Regular readers of this blog would know I’m not averse to some saucy double entendre, which ought to be difficult when I’m talking about philately. But not when Australia Post’s marketing department is around.
Last week I posted a thank you stamp featuring an art by Degas of a ballet dancer. It reminded me of this 1973 Chinese issue that I saw recently in a club book. (That’s philatelist talk. Best not to ask.) Continue reading →
Have you seen that scene in The Simpsons where the family discovers that Bart has a stamp collection? I can’t find the video online, so here’s the scene as found on Wikiquote.
(If you can find a link to an embeddable video, Punk will love you forever.)
This is what it’s like hanging out with certain of my uber-cool hipster friends. In their hands, the hobby that brings me friends around the world, money on the side and virtual immunity from dementia becomes fodder for mockery.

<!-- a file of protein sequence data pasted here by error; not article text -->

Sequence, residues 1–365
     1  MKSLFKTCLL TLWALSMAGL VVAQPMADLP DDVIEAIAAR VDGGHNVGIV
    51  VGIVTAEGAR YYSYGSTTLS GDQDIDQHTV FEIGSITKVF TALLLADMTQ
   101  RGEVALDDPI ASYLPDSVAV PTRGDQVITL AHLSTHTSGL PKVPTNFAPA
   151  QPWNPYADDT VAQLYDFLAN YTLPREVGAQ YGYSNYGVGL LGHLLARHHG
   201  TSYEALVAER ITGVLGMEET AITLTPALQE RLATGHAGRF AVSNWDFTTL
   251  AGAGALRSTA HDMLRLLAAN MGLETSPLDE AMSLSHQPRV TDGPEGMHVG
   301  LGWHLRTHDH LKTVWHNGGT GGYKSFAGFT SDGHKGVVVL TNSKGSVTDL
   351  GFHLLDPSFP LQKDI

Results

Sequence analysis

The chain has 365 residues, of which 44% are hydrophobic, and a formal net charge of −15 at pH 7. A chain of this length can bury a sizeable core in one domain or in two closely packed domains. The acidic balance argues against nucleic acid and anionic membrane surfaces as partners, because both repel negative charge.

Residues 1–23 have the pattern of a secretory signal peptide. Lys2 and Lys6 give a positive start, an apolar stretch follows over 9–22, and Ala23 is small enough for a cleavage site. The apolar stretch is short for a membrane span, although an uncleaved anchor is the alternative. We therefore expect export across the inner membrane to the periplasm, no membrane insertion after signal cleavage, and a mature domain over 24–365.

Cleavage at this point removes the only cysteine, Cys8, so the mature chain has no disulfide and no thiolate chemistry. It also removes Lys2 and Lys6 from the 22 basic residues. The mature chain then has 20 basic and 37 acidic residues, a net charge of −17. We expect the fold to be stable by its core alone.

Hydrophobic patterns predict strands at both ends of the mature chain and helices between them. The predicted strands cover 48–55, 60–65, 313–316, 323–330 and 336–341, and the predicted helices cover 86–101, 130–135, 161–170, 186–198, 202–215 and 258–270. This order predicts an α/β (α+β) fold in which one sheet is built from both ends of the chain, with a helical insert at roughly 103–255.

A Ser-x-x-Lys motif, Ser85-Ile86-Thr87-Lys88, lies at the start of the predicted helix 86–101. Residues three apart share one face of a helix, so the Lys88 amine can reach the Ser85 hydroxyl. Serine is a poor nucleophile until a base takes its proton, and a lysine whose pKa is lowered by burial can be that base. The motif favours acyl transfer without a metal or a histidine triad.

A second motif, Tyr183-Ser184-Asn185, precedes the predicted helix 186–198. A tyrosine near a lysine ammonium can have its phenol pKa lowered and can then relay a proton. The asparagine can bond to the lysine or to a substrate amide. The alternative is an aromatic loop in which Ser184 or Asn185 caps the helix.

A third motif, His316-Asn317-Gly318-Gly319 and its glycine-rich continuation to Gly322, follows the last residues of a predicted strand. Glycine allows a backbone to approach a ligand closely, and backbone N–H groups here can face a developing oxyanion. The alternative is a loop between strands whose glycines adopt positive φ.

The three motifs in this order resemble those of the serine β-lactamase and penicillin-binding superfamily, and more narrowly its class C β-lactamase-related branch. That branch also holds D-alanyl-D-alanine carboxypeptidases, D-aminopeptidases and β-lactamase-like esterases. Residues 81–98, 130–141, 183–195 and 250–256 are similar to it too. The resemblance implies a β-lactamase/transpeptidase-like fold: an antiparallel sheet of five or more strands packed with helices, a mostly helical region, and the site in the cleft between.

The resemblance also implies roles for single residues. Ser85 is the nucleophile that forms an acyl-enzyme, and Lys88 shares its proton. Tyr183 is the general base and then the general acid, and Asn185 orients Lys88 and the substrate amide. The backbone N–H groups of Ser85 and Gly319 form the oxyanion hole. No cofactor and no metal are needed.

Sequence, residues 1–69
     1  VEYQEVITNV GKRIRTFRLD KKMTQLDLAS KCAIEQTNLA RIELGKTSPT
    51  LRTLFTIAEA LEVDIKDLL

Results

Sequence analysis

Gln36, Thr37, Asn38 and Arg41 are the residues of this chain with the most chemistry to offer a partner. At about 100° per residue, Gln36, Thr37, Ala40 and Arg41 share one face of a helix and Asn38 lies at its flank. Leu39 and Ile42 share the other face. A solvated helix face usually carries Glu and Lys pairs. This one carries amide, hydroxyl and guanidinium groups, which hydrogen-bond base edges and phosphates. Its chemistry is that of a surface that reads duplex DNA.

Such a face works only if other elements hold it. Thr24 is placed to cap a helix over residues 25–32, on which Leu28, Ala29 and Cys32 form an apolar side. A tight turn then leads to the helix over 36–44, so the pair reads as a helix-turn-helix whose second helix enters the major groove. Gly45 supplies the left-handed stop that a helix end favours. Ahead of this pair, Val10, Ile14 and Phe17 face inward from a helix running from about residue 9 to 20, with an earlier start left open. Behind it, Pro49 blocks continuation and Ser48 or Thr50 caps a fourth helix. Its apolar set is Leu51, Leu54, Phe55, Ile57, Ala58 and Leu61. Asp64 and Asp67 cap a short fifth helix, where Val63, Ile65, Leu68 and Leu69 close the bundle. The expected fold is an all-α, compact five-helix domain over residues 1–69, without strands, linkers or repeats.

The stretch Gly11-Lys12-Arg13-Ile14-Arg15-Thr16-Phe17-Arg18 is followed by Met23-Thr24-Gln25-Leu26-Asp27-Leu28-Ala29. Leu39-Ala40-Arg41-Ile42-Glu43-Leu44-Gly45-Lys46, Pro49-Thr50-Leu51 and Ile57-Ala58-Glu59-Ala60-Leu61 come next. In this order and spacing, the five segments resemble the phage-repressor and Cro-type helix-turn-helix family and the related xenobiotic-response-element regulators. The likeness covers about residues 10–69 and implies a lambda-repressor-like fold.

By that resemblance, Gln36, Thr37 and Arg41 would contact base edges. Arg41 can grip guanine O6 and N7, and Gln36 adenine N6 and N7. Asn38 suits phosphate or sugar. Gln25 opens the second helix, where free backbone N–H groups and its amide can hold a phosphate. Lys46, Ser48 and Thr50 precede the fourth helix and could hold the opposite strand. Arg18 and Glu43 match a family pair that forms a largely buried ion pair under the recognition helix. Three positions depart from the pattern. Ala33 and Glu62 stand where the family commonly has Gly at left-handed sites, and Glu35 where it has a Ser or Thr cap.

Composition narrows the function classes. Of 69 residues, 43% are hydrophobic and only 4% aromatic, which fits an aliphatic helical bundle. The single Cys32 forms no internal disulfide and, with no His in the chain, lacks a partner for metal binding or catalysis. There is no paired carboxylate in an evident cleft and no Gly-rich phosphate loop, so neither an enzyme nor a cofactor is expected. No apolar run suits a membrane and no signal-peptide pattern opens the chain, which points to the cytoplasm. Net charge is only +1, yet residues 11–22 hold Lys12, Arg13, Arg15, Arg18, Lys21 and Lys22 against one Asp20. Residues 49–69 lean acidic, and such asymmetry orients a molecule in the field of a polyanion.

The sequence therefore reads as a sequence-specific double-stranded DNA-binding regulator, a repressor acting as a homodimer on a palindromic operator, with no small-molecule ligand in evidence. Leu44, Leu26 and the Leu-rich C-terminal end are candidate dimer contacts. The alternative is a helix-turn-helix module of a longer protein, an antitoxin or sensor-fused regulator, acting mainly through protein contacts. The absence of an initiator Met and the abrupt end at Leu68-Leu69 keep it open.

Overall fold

Yet when my friends aren’t working in their made-up jobs for startups that will collapse next week, they’re all about Vintage. They shave their armpits using heritage methods Continue reading →
Just a quick word to say thank you to WordPress for featuring one of my blog posts (this one) on their Freshly Pressed page a few weeks back, and thanks to everyone who has stopped by and followed my site since! I’ll be endeavoring to follow back everyone who’s not a spammer.
Thanks especially to those who have commented. I was afraid that only boring people would be interested in my efforts, but I’ve been lurking on many of your blogs and it seems that, as I suspected, there are other closet, latent and vicarious philatelists who are not boring at all.
I’ve been a bit snowed under at work lately, but I’ll keep the posts coming. Feel free to ask questions. This Punk don’t bite. You might inspire a post!
In the meantime, here is a Stamp of the Day, France’s 1970 release honoring Edgar Degas’s La Danseuse Au Bouquet (The Dancer with Bouquet). It’s a little bit how I felt last week, though I was wearing less girly clothes and my lighting was far more professional. x